As a fan, I would’ve felt cheated had the events of AMAZING SPIDER-MAN #21 been crammed into a few panels of dialogue in CLONE CONSPIRACY. Given the scope of DEAD NO MORE, it makes sense that Spider-Man veteran Christos Gage is lending Slott a hand. This event involves many more peripheral characters in the life of Peter Parker than I could have imagined, yet it does not feel oversaturated in the slightest. DEAD NO MORE is not some random filler event, but rather, a well-thought out, multi-faceted narrative that builds off of years of stories in AMAZING SPIDER-MAN. AMAZING SPIDER-MAN #21 is no different. Though a tie-in, Slott and Gage are able to convey crucial information to readers pertaining to the event as a whole while remaining entertaining and engaging.

The two writers seemingly raise Kaine from the dead with one of the most satisfying explanations present in any Marvel comic in recent years, proving that the event’s title, DEAD NO MORE, is not only a reference to literal deaths. After years without him, it’s nice to see Kaine back in action. He is Peter Parker through the gritty lens of an anti-hero. Unlike Peter, Kaine is violent and foul-mouthed, yet he possesses the former’s strong sense of responsibility. Slott and Gage capture this image of Kaine perfectly; his violence and impulsivity as means to carry out what he feels is his duty.  


Penciler Giuseppe Camuncoli continues his run on THE AMAZING SPIDER-MAN, however, backed by a very different team of inkers and colorists, his work appears quite different, in a good way. Thanks to colorist Jason Keith, and inkers Cam Smith and Roberto Poggi, ASM #21’s artistic style contrasts nicely with the bright, hyper-modern feel of recent issues of ASM; exuding a darker vibe, reminiscent of CLONE CONSPIRACY. For Camuncoli, the human body is entirely malleable. He renders the spider-based heroes present in ASM #21 in such a wide array of poses that would be unattainable for anyone less flexible than a master contortionist. The fight sequences possess such grace and fluidity that they could be interpreted as sort of a full-contact ballet.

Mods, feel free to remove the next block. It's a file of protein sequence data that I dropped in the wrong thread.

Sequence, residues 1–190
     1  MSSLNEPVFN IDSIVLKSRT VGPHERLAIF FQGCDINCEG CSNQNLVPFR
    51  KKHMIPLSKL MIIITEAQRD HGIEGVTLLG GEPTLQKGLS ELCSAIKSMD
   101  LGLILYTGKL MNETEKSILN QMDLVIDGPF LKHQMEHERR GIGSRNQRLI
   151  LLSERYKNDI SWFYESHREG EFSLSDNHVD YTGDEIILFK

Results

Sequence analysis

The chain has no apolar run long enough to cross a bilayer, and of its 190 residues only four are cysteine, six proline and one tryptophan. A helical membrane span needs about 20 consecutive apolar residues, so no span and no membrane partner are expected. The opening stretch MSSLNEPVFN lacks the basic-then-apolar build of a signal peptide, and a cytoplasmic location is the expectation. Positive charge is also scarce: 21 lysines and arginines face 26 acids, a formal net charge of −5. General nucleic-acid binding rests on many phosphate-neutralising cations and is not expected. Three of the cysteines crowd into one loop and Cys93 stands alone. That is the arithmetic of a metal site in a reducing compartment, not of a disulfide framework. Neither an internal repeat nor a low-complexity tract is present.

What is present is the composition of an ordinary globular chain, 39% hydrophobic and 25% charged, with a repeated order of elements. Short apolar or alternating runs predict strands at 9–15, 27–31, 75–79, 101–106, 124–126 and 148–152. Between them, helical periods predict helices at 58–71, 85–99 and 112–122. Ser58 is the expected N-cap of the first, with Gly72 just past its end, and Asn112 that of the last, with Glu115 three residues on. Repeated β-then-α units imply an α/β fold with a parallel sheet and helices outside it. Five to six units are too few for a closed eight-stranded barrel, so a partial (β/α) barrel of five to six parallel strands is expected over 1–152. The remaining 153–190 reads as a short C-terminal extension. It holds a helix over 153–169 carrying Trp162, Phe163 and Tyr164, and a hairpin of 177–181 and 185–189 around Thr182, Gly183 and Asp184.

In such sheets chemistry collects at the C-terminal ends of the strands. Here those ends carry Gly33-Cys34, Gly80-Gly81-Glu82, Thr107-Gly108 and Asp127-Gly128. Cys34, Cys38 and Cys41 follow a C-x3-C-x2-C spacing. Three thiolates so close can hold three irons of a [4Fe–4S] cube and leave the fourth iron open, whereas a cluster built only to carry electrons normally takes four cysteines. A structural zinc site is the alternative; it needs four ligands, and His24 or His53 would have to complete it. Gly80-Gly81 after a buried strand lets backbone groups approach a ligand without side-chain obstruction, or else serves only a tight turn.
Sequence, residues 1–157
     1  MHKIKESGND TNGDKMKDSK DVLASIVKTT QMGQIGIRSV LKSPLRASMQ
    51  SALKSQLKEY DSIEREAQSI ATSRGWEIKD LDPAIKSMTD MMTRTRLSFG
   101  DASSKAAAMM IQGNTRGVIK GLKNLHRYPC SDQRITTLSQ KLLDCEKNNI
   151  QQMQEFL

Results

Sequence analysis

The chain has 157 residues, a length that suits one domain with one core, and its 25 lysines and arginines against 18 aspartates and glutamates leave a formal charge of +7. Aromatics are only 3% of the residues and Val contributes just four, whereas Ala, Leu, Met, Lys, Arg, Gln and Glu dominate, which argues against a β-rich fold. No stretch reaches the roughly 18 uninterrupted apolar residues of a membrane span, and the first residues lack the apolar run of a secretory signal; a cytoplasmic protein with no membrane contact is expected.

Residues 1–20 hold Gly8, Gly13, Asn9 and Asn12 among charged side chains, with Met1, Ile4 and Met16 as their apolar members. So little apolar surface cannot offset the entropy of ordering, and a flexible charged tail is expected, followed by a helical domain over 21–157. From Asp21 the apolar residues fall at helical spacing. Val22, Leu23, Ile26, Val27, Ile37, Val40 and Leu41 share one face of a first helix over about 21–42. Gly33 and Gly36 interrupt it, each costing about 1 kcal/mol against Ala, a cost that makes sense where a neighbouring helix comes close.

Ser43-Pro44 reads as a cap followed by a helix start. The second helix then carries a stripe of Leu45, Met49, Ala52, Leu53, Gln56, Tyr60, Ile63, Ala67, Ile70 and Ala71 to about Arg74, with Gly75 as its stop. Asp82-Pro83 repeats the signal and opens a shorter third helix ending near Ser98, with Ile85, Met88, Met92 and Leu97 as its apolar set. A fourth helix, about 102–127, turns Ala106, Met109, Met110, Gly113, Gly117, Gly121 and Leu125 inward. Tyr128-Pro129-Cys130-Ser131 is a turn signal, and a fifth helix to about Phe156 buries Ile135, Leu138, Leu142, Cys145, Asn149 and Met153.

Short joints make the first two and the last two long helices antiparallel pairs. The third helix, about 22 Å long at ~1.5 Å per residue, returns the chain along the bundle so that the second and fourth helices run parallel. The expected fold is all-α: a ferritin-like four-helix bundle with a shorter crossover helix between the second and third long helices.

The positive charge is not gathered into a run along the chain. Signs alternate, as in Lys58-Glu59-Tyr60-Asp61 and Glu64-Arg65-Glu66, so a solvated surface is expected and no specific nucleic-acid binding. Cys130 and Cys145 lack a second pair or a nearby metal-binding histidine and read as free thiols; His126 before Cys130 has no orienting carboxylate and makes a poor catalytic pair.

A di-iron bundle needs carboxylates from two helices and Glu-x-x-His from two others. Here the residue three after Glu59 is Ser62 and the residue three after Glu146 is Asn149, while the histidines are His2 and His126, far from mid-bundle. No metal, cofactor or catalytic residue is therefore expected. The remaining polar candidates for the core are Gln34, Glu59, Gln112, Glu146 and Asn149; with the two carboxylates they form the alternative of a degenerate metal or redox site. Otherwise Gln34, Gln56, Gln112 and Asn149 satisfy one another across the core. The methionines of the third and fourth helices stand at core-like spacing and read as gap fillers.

READ: Want more Spider-Man? Check out our analysis of SILK, as a darker reinterpretation of Peter Parker!

The inks provided by Cam Smith and Roberto Poggi contribute to the vibe laid across the entirety of DEAD NO MORE. Reflecting the narrative’s dark tone, there is a great deal of inked cell shading, leading to an array of mostly-black panels, and figures emerging from the shadows. While not entirely clean, the linework’s imperfection is its strength, mirroring Kaine’s identity as an imperfect clone, and the cellular degradation experienced by all of Warren’s clones.

Colorist Jason Keith employs a palette largely comprised of muted greens and greys. This allows for Kaine’s costume to juxtapose with his surroundings in nearly every panel. And while ASM #21 serves to bolster the strength of CLONE CONSPIRACY, and DEAD NO MORE as a whole, for me, this issue is all about Kaine. Additionally, Keith plays off of the heavy shadowing of the inkers, employing shadowing and light to help figures stand out all the more.

LISTEN: For more on death in AMAZING SPIDER-MAN, check out our podcast on KRAVEN’S LAST HUNT and THE DEATH OF JEAN DEWOLFF!

DEAD NO MORE is shaping up to be the most engaging Marvel event in years. Though it does not include the entirety of the Marvel universe, it delves deeply into that which it explores. Though I myself am a devout reader of AMAZING SPIDER-MAN and its associated titles, I do not think that DEAD NO MORE’s depth serves to make it exclusionary to more casual readers. I believed the Marvel multiverse to be no more, post SECRET WARS, however, this does not seem to be the case.